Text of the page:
The pressure on Root to lead the way as captain and with the bat overwhelmed the Yorkshireman in the winter. Although he had his moments, he could not match the performances of his counterpart Steve Smith, who almost single-handedly won the series for the Aussies. Cook made a double century in Melbourne carrying his bat, but other than that innings the veteran was poor. Stoneman and Vince’s weaknesses were exposed time and again.

Malan showed the fight for the battle, although the quality was lacking at crucial moments to turn good scores into match-winning efforts. The absence of Stokes to provide a counter-attack in the lower order also loomed large. The performances of England’s batting was not out of the ordinary, although Australia bowled well. It was more of a symptom of their approach to Test cricket and ability to make huge scores in good conditions, which unfortunately for Root and company was bettered by the Aussies.

Bowling

Graeme Swann

Graeme Swann announced his retirement from international cricket in the wake of an Ashes collapse in 2013

In England’s triumph in the 2010/11 series, they used a four-man attack, with Anderson, Chris Tremlett, Tim Bresnan and Graeme Swann leading the way. This was the case in the 2013 series on home soil as the Three Lions eased to victory over the Aussies. However, fatigue was an issue two months later as Anderson had issues, especially in the second innings of matches. Swann broke down completely, failing to offer the potency and control that saw him become a permanent fixture in the top 10 of the world rankings. He retired once the Ashes were lost in the third game of the series. Tremlett was off the pace after returning to the team after a lengthy absence, while Bresnan failed to offer the same potency as the series three years prior. Broad was impressive, but he was England’s only shining light with the ball, although the hierarchy were not able to learn from their mistakes for their return to Australia.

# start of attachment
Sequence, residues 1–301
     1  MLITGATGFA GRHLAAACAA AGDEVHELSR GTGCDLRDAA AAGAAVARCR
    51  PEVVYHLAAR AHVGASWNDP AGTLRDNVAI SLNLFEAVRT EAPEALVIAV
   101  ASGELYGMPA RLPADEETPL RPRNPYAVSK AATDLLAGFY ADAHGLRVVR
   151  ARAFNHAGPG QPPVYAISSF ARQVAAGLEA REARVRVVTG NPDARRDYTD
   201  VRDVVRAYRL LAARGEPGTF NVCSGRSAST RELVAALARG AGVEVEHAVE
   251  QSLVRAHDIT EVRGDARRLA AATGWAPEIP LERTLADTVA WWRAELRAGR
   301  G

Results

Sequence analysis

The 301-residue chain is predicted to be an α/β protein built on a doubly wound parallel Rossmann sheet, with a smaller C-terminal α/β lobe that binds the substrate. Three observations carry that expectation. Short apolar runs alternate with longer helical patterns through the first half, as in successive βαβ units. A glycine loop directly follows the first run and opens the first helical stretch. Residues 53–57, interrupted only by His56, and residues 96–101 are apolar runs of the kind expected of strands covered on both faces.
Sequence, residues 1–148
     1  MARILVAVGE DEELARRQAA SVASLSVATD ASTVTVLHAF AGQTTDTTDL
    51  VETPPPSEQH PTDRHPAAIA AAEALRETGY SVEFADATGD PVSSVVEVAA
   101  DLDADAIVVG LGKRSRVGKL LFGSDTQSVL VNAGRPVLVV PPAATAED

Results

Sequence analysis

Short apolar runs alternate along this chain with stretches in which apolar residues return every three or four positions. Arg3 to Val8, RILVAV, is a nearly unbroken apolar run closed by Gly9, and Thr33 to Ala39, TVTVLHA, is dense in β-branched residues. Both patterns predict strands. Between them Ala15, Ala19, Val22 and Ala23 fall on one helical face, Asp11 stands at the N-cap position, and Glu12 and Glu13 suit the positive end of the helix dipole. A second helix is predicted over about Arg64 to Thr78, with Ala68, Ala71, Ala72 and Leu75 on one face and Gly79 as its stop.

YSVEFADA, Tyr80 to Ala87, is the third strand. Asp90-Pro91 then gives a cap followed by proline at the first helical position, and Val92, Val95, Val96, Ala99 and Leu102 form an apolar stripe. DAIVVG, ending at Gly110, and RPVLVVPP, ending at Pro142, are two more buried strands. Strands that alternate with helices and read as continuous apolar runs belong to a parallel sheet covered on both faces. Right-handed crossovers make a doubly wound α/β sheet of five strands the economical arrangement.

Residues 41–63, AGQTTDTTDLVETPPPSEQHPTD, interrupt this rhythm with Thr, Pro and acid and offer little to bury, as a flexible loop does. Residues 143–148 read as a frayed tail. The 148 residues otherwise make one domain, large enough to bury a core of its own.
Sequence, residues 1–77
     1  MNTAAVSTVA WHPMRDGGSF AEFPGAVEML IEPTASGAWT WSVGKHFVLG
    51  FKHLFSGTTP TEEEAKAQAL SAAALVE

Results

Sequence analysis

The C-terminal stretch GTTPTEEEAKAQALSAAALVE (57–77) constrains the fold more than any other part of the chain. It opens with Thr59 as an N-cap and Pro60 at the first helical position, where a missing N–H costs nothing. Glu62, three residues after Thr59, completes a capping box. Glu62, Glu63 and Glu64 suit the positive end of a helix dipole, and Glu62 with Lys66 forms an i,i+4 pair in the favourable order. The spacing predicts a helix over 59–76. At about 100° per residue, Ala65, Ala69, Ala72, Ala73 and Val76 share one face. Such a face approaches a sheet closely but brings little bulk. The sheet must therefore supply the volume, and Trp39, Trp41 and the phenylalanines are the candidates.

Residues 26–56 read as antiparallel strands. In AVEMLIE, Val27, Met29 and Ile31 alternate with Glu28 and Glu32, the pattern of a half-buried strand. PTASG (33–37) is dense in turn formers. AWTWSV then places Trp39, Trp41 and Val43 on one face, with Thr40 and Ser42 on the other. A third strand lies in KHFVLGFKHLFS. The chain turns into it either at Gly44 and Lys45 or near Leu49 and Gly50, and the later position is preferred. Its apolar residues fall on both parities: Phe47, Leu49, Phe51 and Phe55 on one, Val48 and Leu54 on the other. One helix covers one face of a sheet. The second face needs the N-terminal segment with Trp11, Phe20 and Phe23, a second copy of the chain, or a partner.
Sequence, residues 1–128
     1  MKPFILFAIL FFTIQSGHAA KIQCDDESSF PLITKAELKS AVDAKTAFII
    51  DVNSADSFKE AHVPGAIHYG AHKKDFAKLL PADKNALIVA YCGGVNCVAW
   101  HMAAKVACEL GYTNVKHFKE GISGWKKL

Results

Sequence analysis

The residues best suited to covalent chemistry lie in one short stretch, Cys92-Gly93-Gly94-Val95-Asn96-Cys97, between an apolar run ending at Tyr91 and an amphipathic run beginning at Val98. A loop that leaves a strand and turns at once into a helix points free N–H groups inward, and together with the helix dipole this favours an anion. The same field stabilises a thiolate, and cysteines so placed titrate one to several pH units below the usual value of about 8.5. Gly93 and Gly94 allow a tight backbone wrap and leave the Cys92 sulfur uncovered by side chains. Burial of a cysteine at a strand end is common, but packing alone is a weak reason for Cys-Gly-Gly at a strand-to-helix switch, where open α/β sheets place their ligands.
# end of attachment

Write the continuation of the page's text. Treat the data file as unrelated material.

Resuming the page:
In the winter, Anderson was the central figure with the ball as he benefited from only playing Test cricket. He averaged 27.72, taking 17 wickets, but it was not enough for the tourists, who struggled to dismiss Australia twice. Broad was out of rhythm and Woakes offered nothing without the favourable conditions experienced on home soil. Craig Overton had his moments after making his debut, although he did not offer the pace and bounce needed down under. The same can be said for Tom Curran as England sorely lacked the variety in their attack posed by the home side.

Moeen Ali endured a tour from hell as he took five wickets at 115 apiece. The Three Lions paid the price for their lack of preparation, while the similarity of their attack made life easy on Australia’s batting line-up. Moving forward, England have to find a bowler with pace that can remain injury-free. Mark Wood has offered a pace option in the past, although he has struggled to make an impact in his limited action. England cannot continue to rely on Anderson and Broad moving forward – therefore, finding a quality pace bowler, who can provide speed and bounce, is imperative for the next tour.